Many claim that listening to a novel versus reading it can make a difference in one’s opinion of the work. Indeed, the listening experience can be a nice change to the more customary cracking of the spine. And especially, when the individual performing the audio version is talented in not only narrating the story, but also skilled in modulating their voice as a means to portray different characters. In this particular case, the performer for the audio version of Flight Behavior also happens to be the novel’s author, Barbara Kingsolver. She is indeed a master story teller.
In Flight Behavior, Kingsolver employs a tone of melancholy in order to patiently tell her fictional tale centered on change and adjustments – in oneself, in relationships, and in the world around us. Kingsolver borrows from the controversial subject of Climate Change in order to venture into other topics that are similarly contentious in nature when affected by change. Changes of consequence in marital commitments, family loyalties, and/or one’s belief system, would no doubt trigger considerable adjustments to those affected. Similarly, significant shifts in the environment that alter familiar patterns would also require suitable adjustments. The questioning of these changes – be they gradual, abrupt, unforeseen, inevitable, etc. – are all folded into the novel’s story line.
At the core of Flight Behavior, lies an unusual and unexpected change in the migratory pattern of monarch butterflies. The erosion of their customary winter habitat forces the monarch butterflies to instead travel – by the millions – to an entirely new location in order to weather out the harsh season. Yet the new location is vulnerable to freezing temperatures which places the existence of the species at risk. Climate change is believed to be the root cause in setting this new and unstable migratory pattern in motion but not without skepticism. The characters within the novel assess, or dismiss, the phenomenon based on their various beliefs — religious, scientific, indifference, or a combination thereof. Parallel to the plight of these butterflies, the narrative simultaneously unfolds the erosion of relationships between the characters. They too are affected by unexpected changes in the course of their daily lives. Illness, adultery, stagnant marriages, the unraveling of family secrets, and failing sources of income negatively impact the characters. As each character unpacks whether the changes thrust upon them were indeed unexpected or more realistically inevitable, much like the monarch butterflies, the characters are forced to make adjustments accordingly. Some decide to take flight and risk exploring new territory while others resign themselves to remain tethered to their circumstances as the world around them evolves – for better or worse. The scale of which dilemma is more difficult to measure – that of the characters or the butterflies – is difficult to gauge since one is on an individual basis while the other is on a global level. Nevertheless, the narrator makes the point that changes in the environment, especially drastic ones, ultimately inform the existence, or extinction, of any life form on the planet.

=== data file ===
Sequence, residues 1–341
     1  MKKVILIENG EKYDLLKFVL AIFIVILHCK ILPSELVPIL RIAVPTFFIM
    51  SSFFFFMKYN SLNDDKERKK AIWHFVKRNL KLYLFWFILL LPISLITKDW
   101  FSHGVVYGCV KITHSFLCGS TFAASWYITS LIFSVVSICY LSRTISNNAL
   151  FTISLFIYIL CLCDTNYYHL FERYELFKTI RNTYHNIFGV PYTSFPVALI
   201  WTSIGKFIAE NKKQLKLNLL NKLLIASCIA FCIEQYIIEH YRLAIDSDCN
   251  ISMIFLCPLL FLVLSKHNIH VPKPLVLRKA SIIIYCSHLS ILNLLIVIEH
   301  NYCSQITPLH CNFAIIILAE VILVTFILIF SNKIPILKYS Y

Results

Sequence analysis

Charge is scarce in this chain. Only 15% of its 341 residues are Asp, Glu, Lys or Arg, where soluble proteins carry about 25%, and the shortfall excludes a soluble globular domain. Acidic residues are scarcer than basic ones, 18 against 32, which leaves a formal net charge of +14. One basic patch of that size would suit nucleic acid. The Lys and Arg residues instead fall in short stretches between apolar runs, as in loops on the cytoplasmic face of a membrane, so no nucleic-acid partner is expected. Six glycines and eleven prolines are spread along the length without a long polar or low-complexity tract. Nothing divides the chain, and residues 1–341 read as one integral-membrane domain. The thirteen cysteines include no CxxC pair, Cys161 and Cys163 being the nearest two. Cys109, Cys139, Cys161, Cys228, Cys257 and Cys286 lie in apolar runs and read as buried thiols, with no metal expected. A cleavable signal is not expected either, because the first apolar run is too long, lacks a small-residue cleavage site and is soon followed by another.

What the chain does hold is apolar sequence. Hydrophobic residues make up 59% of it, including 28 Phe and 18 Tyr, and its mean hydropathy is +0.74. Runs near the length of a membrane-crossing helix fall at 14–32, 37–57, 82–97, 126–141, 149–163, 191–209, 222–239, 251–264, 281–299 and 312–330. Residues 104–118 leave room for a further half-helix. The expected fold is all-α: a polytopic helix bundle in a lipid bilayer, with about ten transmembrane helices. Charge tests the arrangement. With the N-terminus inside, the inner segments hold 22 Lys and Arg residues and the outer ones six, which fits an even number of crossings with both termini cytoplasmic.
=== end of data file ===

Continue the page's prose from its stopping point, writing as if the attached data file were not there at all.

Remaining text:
There are several passages in Flight Behavior on the science of climate change that are a bit daunting. Listening to the novel however, renders such sections in the narrative easy to grasp. (I for one have no shame in admitting that I put the rewind button to good use.) Kingsolver’s various degrees in biology and her experience working as a Scientist, were certainly reflected on the pages (or CDs) of Flight Behavior. Her credentials at the very least lend an area of expertise worthy of attention even though she uses a work of fiction in order to raise awareness on the topic of climate change. She does not however exploit Flight Behavior to draw any conclusions on climate change one way or the other. The reader/listener is left to draw his/her own conclusions. As for the characters, with their not so uncommon troubles and stories of human interest, provide an engaging story line alongside that of the butterflies. So much so, that I arrived at work just a little late or stayed in my driveway just a little longer in order to hear the end of the novel’s section that I was listening to. If you have ever listened to a novel, you know exactly what I am talking about…
Next read: Beneath a Marble Sky by John Shors